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Mega-cap stocks slide this week as retail and chip sectors tank

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Yahoo Finance Live’s Jared Blikre breaks down midday trading in the stock market.

Video Transcript

- We are 90 minutes into the trading day on this Friday. And we are seeing red across the board here, although certainly not the kind of losses we've seen over the last few days. The Dow down 181 points, the S&P 500 down 18, and the NASDAQ down 66. Stocks headed for its seventh straight week of declines. And that is by the way, the longest losing streak since the dot.com bubble burst.

Taking a look at where the sectors are right now, we are seeing consumer discretionaries continuing to sort of lead the losses, although actually in a retail now down more than 3%. Energy the only one in the green. Some of the sentiment that we're seeing today spilling over from what we saw in the Asia session, although we should say, we have seen the sentiment turn a bit in the US session here, where we saw China's Central Bank overnight cutting a key interest rate to spur lending in the housing market. The economy there of course, seeing significant disruptions stemming from the COVID lockdowns.

One of many things that we heard about this week, especially from some of those big retailers that led to the declines. And Jared Blikre is here with us at the desk. So let's walk through the week that was.

JARED BLIKRE: Yes, a little bit of bad news here. But I think it's worth recapping, because there are some lessons to be learned and also some hints about where we could be with respect to the market sell off and where we're going to go from here. So let's go to the Wi-Fi interactive, which I am controlling remotely, admittedly. And this is what's happened today.

So we see some big losers here. Dollar General down 7%. But let's take a look at the week that was and some huge outsized losses here. I'm going to sort by performance. At the top it wasn't all bad. Foot Locker in the grain thanks to earnings. TJX and other green earnings story.

But Target right there at the bottom, down 30%. Ross stores down 20%. Walmart right there with it. So is Dollar Tree and the list goes on. Now, I've been talking about this theme where we've seen the soldiers fall. And that would be, I would say, some of the smaller names. It kind of started with software.

So let's go to software and a year to date look just shows more of the same. I don't to go down all the names. I do that often enough. But I do want to highlight that these guys fell first. Now we're seeing the generals, the mega caps, they are capitulating.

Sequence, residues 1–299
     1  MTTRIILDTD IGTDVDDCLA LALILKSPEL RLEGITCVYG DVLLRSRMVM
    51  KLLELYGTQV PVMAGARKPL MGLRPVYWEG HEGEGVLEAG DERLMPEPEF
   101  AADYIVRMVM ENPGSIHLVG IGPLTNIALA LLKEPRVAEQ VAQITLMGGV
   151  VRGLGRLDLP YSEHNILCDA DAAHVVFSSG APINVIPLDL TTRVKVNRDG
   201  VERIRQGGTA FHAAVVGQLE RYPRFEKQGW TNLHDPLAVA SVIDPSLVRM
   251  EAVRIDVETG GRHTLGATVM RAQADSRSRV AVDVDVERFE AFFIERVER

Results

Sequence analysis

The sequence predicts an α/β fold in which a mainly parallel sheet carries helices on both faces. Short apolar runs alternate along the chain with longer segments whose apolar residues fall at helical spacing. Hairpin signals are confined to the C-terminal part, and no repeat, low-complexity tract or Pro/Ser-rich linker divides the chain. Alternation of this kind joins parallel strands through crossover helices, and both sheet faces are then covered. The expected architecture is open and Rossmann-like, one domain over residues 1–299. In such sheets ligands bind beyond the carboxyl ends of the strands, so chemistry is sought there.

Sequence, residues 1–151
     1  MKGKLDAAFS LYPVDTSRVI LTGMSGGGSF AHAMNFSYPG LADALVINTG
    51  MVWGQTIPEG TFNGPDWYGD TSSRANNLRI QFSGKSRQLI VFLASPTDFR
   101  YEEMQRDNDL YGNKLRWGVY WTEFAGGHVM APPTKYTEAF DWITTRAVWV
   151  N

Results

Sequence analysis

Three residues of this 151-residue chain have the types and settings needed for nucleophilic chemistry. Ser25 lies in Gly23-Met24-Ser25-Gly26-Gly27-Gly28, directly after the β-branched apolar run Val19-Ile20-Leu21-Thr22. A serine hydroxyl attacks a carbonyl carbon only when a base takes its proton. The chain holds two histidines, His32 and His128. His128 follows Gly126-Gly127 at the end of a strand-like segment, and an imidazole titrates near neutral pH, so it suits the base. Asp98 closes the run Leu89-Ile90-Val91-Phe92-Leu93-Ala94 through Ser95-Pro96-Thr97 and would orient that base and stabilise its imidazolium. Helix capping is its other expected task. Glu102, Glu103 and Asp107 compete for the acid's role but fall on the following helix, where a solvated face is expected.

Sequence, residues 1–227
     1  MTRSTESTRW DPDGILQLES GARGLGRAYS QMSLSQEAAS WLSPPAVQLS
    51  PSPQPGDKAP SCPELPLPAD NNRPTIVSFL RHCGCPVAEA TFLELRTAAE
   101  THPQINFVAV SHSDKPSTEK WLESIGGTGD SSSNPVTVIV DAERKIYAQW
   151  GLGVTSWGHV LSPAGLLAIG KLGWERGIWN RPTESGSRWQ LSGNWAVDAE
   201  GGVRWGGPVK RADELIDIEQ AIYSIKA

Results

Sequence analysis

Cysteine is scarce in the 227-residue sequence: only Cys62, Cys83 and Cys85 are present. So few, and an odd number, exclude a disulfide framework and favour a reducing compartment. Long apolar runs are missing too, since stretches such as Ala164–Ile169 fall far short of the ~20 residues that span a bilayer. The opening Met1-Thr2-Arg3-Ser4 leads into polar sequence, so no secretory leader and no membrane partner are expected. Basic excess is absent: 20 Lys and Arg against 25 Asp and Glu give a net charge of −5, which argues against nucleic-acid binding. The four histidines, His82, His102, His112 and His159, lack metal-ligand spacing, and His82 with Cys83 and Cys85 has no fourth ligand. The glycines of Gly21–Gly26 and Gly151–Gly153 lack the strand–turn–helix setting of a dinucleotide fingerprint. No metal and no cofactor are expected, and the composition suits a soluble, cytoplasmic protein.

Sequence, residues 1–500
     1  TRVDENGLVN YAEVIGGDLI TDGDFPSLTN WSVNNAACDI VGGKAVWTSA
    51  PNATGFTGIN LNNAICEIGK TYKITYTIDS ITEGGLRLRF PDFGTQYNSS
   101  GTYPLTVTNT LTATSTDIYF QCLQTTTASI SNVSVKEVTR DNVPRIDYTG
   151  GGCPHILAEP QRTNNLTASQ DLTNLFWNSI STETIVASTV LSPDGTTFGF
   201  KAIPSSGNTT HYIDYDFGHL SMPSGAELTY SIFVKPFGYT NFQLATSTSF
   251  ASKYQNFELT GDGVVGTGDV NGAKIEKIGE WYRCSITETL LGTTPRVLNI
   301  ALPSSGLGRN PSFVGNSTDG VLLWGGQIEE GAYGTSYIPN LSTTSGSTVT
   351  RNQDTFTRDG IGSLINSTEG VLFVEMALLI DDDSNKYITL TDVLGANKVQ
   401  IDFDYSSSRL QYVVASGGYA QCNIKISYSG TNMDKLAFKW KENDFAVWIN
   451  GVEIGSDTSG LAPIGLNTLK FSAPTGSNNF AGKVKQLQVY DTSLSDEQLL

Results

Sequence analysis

And I see a lot of analysis from people I respect, they're looking for a little bit more downside in some of these big names. So if we see Apple down, I've been saying this down 8%, 10%. We haven't seen that yet. That could be a sign that we are going to potentially see the worst behind us. But I don't think we're there quite yet.

- So I guess the natural question here, Jared, is that when you have large movements in those specific stocks it makes sense that the broader markets are going to be taking a pretty harsh spill as well. Where does it stop? Because I was looking at some notes, BTIG saying that they have a higher conviction that SPX, somewhere 3400, 3500 might be the better call than, say, a rally to 4200. It seems like the knife is not necessarily done falling yet. Are you getting the same read?

Yeah, I think we're going to-- I've been saying this for most of the week. I think we're due for a flashy bear market rally here. And the S&P 500 is still holding its lows. We could easily see a 10% move to the upside. I just think it's going to be short lived. I don't think we've seen the generals fall yet.

And one of the generals also, a hedge fund, Melvin Capital only this week going. It's going to be interesting to see. Sometimes these things shake out over the weekend. So if there's some funds in trouble, we might get some bad news on Monday. We might see some further selling then.

What I do want to point out. Let's go to the Wi-Fi interactive one more time. And so this is what's happened in meme stocks this week. They were on a tear going back to about Thursday, Friday of last week. So if we put a 10 day, it's still looking pretty grim there. But what I liked in the price action here is that when the generals were selling off, when Walmart and Target were having the worst day since 1987, the meme stocks weren't off that much.

Some of the other leaders, you'd call these the fringe market, like cannabis stocks, you know betting stocks, all these things really weren't selling off that much. So it tells me that I think for the soldiers, most of the damage has been done. But we're still we've got to shake out the megas. We've got to shake out the mega caps here.

- Feel like we need a graphic here between the soldiers and the generals. You said the magic number to look for in the S&P 500 is 38, 37.

JARED BLIKRE: Yeah, 38, 37.24. So we get that, that's the official bear market. I don't like the definition of bear markets just being 20%. It's arbitrary. But everybody recognizes it. And when it happens you see it on the evening news and then people look at their 401(k). So it does matter in that sense.

- Yeah. It's certainly rattles.

JARED BLIKRE: Yes.

- People even if--

JARED BLIKRE: Rightly so.

- Could be arbitrary. All right, Jared. Thanks so much for keeping track of that.